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Twitch Couple's Strip Show Could Mean Bad News for PlayStation 4

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File this one under "Why we can't have nice things." A week after the console's launch, some PlayStation 4 users appear to be using Playroom, an augmented-reality game taking place in one's living room, to broadcast ridiculous live "shows" involving nudity, firearms, and God knows what else.

This is accomplished through the live-streaming of games through (UStream also is supported) to other PlayStation 4 users through the Live From PlayStation feature. Generally, the streaming option (through the Share button on a PlayStation 4 controller) governs capture of gameplay, with headset audio if that feature has been enabled. As Playroom's gameplay screen is one's living room, it can become a kind of burlesque show if the performers lack inhibitions.


In one of the more benign abuses of Playroom, a couple from Washington state broadcast something called "The Spartan Show," which became a call-in talk show that attracted the attention of Shuhei Yoshida—the president of studios for Sony Computer Entertainment—and Adam Boyes, the chief of publisher relations. You've probably seen Yoshida and Boyes on stage at PlayStation's many keynote events over the past years.

NeoGAF users noticed this trend yesterday—one chiming in early to say "soon someone will do something absolutely horrible on cam,"—and being proven right not soon after. In an episode reported by GameRevolution and discussed in other forums, a couple sat on their overstuffed couch, allegedly drinking to unconsciousness. One lifted up his unsconscious partner's shirt, exposing her breast for about 15 minutes. After a brief blackout, the broadcast returned, with the woman completely naked, presumably stripped by her companion.


The Twitch account associated with this broadcast was almost instantly banned. This is hardly a new problem; Twitch has been around for years and despite its terms of use and its warnings, people break the rules all the time and get punished accordingly.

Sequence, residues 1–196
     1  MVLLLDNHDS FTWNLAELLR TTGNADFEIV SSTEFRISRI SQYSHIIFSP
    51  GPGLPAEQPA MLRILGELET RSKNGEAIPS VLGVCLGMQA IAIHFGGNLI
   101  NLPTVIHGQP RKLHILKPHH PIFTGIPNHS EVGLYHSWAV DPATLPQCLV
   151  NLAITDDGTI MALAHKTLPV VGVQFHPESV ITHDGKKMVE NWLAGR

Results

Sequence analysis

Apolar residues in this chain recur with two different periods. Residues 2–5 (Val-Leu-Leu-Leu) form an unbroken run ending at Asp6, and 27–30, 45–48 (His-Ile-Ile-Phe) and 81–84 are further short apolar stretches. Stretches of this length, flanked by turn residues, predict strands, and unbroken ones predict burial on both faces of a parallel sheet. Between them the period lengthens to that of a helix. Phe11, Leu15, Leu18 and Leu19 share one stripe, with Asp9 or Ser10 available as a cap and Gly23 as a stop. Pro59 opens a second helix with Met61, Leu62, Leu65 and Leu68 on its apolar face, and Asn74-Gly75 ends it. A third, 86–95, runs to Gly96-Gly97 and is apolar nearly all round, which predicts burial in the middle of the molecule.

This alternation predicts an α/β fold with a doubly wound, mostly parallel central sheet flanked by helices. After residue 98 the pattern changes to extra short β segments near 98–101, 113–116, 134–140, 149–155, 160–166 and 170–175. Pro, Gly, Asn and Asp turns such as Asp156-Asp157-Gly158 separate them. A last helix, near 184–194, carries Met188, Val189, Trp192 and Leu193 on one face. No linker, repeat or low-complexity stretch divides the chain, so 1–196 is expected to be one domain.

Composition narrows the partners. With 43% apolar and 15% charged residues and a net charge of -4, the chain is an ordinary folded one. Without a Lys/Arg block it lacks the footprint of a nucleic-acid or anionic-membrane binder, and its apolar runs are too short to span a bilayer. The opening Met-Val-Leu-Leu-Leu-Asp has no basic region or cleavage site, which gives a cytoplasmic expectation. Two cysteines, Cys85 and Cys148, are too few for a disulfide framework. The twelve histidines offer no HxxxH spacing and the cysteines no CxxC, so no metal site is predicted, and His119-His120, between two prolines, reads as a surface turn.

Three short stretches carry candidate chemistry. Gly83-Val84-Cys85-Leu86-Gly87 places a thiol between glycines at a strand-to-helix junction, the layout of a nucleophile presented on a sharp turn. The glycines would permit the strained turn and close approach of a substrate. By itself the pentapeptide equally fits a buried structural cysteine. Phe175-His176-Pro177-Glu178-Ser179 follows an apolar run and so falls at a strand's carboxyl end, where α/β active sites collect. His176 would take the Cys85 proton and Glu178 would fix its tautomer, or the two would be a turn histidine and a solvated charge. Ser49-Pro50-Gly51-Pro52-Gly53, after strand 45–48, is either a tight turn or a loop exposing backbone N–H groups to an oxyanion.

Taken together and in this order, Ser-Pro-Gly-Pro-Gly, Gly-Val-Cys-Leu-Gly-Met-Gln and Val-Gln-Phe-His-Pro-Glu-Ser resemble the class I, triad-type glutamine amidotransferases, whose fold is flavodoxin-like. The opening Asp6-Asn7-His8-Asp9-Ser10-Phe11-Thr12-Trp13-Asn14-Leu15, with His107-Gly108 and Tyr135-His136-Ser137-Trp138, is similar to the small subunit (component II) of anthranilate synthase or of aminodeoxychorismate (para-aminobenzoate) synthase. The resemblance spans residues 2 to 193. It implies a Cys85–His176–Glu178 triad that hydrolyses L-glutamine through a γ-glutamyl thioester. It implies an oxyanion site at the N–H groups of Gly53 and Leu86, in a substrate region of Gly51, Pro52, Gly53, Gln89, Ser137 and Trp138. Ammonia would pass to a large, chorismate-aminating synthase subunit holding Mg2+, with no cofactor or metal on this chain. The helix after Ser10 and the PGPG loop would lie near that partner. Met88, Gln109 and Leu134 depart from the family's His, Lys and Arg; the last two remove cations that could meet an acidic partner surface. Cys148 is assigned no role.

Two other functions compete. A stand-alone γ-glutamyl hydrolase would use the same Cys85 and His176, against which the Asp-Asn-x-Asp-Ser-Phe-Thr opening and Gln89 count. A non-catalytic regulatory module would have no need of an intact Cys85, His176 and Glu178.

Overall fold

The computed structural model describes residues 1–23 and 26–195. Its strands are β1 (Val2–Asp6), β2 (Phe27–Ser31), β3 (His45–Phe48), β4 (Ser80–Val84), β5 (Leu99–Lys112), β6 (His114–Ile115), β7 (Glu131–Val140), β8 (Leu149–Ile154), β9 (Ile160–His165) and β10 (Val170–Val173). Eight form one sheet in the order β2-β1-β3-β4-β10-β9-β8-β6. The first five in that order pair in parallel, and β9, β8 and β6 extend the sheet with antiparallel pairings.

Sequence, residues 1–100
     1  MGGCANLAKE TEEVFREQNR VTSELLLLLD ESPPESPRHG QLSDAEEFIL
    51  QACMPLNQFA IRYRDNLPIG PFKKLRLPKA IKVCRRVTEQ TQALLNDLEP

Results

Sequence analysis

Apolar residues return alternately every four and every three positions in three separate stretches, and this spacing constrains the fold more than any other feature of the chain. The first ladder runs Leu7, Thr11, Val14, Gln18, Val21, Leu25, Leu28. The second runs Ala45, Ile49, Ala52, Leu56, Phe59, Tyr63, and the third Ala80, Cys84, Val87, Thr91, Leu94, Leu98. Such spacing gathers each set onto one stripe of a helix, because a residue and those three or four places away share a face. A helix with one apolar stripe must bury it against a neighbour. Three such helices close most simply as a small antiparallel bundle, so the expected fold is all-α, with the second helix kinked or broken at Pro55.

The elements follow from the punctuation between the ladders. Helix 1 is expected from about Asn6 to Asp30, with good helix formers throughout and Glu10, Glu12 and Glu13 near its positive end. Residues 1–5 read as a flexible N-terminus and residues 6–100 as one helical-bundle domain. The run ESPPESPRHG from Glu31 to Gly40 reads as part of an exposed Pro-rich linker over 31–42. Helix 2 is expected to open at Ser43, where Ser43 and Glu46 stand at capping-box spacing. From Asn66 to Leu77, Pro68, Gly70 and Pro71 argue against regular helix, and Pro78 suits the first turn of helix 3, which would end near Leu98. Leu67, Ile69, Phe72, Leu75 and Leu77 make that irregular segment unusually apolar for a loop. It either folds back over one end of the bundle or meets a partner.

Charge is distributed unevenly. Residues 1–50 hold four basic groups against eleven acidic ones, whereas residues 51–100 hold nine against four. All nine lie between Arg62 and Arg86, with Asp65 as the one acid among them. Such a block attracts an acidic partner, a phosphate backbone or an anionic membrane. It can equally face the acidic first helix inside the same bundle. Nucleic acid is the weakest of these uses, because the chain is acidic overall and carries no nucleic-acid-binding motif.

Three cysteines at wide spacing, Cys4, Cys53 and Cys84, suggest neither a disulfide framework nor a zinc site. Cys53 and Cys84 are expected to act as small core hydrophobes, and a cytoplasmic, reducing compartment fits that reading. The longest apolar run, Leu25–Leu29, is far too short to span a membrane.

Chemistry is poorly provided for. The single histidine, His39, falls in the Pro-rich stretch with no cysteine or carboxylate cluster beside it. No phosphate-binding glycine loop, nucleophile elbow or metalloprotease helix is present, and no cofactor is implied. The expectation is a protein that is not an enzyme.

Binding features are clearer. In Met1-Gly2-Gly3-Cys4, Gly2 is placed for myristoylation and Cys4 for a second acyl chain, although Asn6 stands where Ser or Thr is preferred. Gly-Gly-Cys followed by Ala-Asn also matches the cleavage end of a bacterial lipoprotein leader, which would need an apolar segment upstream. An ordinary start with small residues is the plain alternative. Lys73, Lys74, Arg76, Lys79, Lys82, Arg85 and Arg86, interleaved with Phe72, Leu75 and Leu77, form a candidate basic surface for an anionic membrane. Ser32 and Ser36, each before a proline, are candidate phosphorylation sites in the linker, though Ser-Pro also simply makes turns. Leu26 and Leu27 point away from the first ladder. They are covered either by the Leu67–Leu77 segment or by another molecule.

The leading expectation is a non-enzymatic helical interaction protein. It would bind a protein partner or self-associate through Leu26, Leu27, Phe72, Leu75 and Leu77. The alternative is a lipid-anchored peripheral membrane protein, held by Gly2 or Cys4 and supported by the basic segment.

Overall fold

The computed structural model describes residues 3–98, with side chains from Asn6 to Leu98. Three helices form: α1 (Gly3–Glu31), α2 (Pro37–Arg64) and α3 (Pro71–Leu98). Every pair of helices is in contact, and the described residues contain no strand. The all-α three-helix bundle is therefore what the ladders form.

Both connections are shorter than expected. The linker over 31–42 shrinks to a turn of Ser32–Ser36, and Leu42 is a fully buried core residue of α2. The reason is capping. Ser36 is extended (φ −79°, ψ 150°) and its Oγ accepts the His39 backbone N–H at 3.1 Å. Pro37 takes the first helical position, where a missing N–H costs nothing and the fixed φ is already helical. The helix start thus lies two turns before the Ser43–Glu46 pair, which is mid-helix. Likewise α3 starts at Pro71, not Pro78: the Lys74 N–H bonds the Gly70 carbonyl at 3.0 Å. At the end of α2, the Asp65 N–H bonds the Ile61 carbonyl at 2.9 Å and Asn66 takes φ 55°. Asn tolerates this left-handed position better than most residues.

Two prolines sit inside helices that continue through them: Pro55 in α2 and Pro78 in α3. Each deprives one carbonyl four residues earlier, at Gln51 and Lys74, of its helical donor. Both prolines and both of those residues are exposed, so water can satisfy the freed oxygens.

The difference here is 1) the content is being served on an app maintained by Sony itself, not a Twitch website. 2) It's on a console, and the content is apparently immune to parental controls. While searching for livestream casts is limited to a keyword (a game title, or something else) "Playroom" could easily become a shorthand for anything-goes videos starring the performers themselves.

"I just saw a guy with a horse head motorboat a lady, next gen indeed," wrote this GAFfer. "Same people now have a shotgun out," replied this member.


It's only a matter of time before some troll does something even more sexually bizarre (or violent) and a 12-year-old sees it on his family's PlayStation 4 and all hell breaks loose in the mainstream, especially if that happens in the U.K. and The Daily Mail gets wind of it. Despite the usefulness, entertainment and convenience of sharing to Twitch with the push of a button on the Dualshock 4, I suppose it was inevitable that miscreants would do something to diminish the experience or place it under some kind of heavy control.

We reached out to a spokesman today to mention these incidents and inquire whether the service was ready to moderate the thousands more user feeds coming with the Live From Playstation integration on PS4. Here was the reply:

Twitch has a very strict terms of service policy which is outlined here. We are very vigilant about removing content that breaks the TOS guidelines and depending on the severity of the violation we will either ban or suspend accounts. In addition to our own efforts, the Twitch community is unique in that it likes to flag content they suspect or know is a breach of our TOS. Like any social network from YouTube to Facebook, there will always be a very small minority of users who attempt to circumvent the rules. As such, our advice is to report it right away and our staff will be quick to act on it if they haven't already. In terms of privacy settings, those are up are to the respective devices.


That's well and good, and probably the best Twitch itself can do at the moment, but it's still a special threat by virtue of being on a console. Child predators, for example, use PCs to groom and lure victims all the time. Sadly, it's kind of accepted in an open platform environment. But when they use the social networking features of a game console—a device associated with kids in the mainstream—it becomes much more pernicious and frightening, and is a grade-A 6-o'clock news story.

Neither Sony nor Twitch have done anything wrong, nor anything negligent, but I wonder if either know what they've signed up for here, particularly with regards to Playroom. It's possible that, again, the experience of those who do use a console service as intended will be altered or harmed because someone used it to a perverse extreme. Because it can broadcast users, it wouldn't surprise me to see Playroom removed from the list of games that can share video, to Twitch or anywhere else.


To contact the author of this post, write to or find him on Twitter @owengood.